Tempted by Tahoe
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Tempted by Tahoe? Heard about the bumper winter season last year and the seven feet of snow which fell in just one week this ‘Miracle March’? Apart from the snow, it’s actually a ‘soft’ place to sample US skiing for the first time - especially for Brits who, due to European ski experiences, have come to expect warmer temps as well as upscale outdoor eating and abundant après ski.
There’s a ritzy range of resorts circling gorgeous Lake Tahoe, many of which have views over the winsome water while you ski – fabulous photo opps! A two-centre holiday (at least) is the wisest way to get a broad perspective of the area, staying in South Lake Tahoe in order to ski at Heavenly and Kirkwood and then relocating to the North to sample resorts like Northstar and Squaw Alpine. Bonus: you get the most stunning views as you drive the mostly undeveloped east lakeshore route.
Fly into Reno, a seamless ‘boutique’ airport which has car rental right opposite the luggage carousel, enabling a speedy exit onto the easy-to-navigate wide highways to the hills. If you’re in the market for a second home, check out Clear Creek Tahoe, on the way to South Lake Tahoe to pick your plot. Mountain mansions are being developed there within a gorgeous gated golf club community: Coore Crenshaw-designed course with all the pro shop, club and restaurant bells and whistles, deluxe lodges for guests to stay, a ‘family campus’ launching this summer with its own clubhouse, swimming pool, games areas and restaurants. And it’s all run with five-star hotel hospitality by General Manager Franck Savoy – son of Paris’s Guy Savoy who also has a restaurant in Las Vegas. This fall will see the launch of the new spa and wellness centre at Clear Creek. And, best of all, golf members and owners get luxurious lakehouse privileges right on the beach at South Lake Tahoe. In the 1930s America’s artsy and atmospheric architect, Julia Morgan designed Twin Pines, now reinvented as the quintessential Ski & Lake Lodge by Clear Creek Tahoe. You can stay in the adjacent guest ‘cabin’, a glamourous two-storey log house with the intimate, cozy ambiance of a James Bond ski scene. And you can dine at the lakeview restaurant in the main lodge or dance and drink to mellow music on Saturday afternoons. Bucket list bonus: drinks on the dock watching the sun set over the languorous lake.
But you don’t have to buy in to stay on the lake shore as right next door is the Edgewood Hotel. Here you can indulge in sunset scenes from the heated outdoor pool, hot tubs and firepits and there’s a bistro and a fine-dining restaurant in the gorgeous golf course setting.
Ski in/ski out fan? Then the Marriott Grand Residences is for you, right at the gondola base of Heavenly Mountain Resort and surrounded by all the equipment rental outlets, ski school, après ski, restaurants and boutiques. The village at Heavenly is full of outdoor fun including a central skating rink, fire pits and live music. Eating options are endless but an eclectic experience can be had above the cinema at The Loft, which has a trendy lounge bar and top-end Italian restaurant as well as its own theatre featuring adult magic shows. For a magical munch, order the S’mores for dessert: it comes with its own tabletop burner so you can roast marshmallows and eat them sandwiched between wafers with melted chocolate.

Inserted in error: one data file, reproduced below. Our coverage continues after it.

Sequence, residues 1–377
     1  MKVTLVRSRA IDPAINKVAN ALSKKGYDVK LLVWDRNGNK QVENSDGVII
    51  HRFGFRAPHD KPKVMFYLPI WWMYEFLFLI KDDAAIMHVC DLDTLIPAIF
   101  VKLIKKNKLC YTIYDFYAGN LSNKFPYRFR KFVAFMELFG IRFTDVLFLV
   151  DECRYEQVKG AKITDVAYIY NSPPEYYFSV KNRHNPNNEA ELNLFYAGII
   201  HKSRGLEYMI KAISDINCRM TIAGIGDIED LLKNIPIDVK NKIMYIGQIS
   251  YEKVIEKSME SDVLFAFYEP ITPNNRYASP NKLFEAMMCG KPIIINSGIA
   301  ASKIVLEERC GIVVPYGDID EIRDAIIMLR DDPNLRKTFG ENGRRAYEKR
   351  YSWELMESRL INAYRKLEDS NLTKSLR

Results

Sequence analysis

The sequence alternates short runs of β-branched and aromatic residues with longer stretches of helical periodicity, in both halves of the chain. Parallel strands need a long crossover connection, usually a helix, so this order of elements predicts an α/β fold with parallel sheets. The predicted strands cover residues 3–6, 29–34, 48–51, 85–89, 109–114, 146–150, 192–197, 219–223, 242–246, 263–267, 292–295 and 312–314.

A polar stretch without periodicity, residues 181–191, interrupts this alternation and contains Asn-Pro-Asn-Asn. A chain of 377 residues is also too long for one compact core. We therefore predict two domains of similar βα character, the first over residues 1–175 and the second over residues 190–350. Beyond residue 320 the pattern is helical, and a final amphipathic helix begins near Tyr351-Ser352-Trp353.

Onhill entertainment is iconic, too, at Heavenly with ski-booted dancing at Unbuckle, the daily DJ Disco Snowcat at the top of the gondola as well as TAP, an on-snow beer-tasting après attraction just nearby, with free craft beer samples from local breweries and vouchers for discounted refills and appies at the lodge.
While Heavenly is generally geared to the beginner, the rising intermediate skier and rider and those who want to notch up maximum vertical on long and wide groomers, there are still great ungroomed glades such as The Milky Way, bumps runs, and double black ‘slackcountry’ areas just off the pistes. And nearby sister resort Kirkwood caters for the more aggressive aficionado. Around 45 minutes drive away, it can often boast even more snow than the lake resorts due to micro-climate. Out of bounds skiing can be a liftpass-losing offence in the States so for those wishing to wander the backcountry there are guides as well as Expedition Kirkwood clinics to unveil all the lift-accessed off-piste options.
An unusual aspect of the South Lake lifestyle is the cluster of casinos! As the border between California and Nevada intersects the lake - as well as Heavenly’s ski slopes - there are defined characters in each half. The California side of town houses the more rustic low-rise lodges, shops, restaurants and hotels that you would expect from a ski resort. And the Nevada sector sizzles with skyscraping casino hotels, late-night Las Vegas-style entertainment and casino-consolation breakfast buffets.
If you can’t travel anywhere without doing a bit of work, check out the high altitude co-working space at the top of Heavenly’s Tram. Sharing a building with Booyah’s, a tasty lunch venue with sweeping views, is the Tahoe Mountain Lab. Pretty cushy place for an office at 8250 ft with optional ‘board’ meetings on the chairlifts.
There’s so much to do at Heavenly and South Lake Tahoe, that it’s tough to pack up and leave but the drive up north is a must for the vivid views and variety – and the lake is only 21.75 miles long, so nothing is too far apart. By the way, if you’re not keen on winter driving, there are shuttles to the ski hills from most hotels as well as a public bus system and the usual array of taxis and Uber.
There are multiple options for staying at the North Shore: Kings Beach has rustic rentals right on the aqua lake, Truckee is a gentrifying second-home owners enclave with a Western-style downtown on Donner Lake, and then there are a variety of ski hill villages, notably Northstar and Squaw Alpine for those who prefer to stay on the slopes.